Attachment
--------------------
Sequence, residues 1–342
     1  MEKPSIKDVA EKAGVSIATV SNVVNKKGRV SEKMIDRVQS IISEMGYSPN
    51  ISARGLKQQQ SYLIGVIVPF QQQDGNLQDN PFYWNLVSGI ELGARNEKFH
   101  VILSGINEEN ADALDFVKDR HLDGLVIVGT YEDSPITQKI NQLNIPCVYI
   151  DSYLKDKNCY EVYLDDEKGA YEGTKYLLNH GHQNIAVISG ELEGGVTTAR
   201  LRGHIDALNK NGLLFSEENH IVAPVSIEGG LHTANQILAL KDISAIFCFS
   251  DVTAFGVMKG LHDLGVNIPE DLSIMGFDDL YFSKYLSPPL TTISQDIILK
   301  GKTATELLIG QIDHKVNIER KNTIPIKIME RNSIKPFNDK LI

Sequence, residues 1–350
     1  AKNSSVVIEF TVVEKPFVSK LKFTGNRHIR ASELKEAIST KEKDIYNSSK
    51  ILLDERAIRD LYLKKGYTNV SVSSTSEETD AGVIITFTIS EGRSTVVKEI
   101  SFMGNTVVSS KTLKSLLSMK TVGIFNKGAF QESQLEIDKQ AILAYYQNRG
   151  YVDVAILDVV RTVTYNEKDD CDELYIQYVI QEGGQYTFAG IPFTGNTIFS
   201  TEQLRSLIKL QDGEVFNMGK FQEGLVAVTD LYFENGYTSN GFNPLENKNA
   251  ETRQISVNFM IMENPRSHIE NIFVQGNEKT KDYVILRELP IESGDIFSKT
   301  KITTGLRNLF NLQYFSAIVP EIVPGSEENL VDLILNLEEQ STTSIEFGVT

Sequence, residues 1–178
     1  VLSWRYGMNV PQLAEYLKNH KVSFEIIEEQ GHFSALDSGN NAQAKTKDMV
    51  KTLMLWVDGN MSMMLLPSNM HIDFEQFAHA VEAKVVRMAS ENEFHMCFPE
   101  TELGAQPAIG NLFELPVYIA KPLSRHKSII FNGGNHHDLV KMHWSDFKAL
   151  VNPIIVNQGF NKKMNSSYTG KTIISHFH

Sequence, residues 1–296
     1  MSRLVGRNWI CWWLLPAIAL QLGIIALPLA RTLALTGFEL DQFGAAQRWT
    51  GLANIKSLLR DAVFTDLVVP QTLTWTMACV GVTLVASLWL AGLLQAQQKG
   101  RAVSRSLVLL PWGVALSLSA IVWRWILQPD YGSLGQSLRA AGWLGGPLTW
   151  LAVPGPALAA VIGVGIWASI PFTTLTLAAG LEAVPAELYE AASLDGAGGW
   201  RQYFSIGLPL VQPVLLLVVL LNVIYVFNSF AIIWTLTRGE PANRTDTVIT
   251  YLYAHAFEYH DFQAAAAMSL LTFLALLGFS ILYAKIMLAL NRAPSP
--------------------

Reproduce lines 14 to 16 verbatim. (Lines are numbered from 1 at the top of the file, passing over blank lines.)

   201  TEQLRSLIKL QDGEVFNMGK FQEGLVAVTD LYFENGYTSN GFNPLENKNA
   251  ETRQISVNFM IMENPRSHIE NIFVQGNEKT KDYVILRELP IESGDIFSKT
   301  KITTGLRNLF NLQYFSAIVP EIVPGSEENL VDLILNLEEQ STTSIEFGVT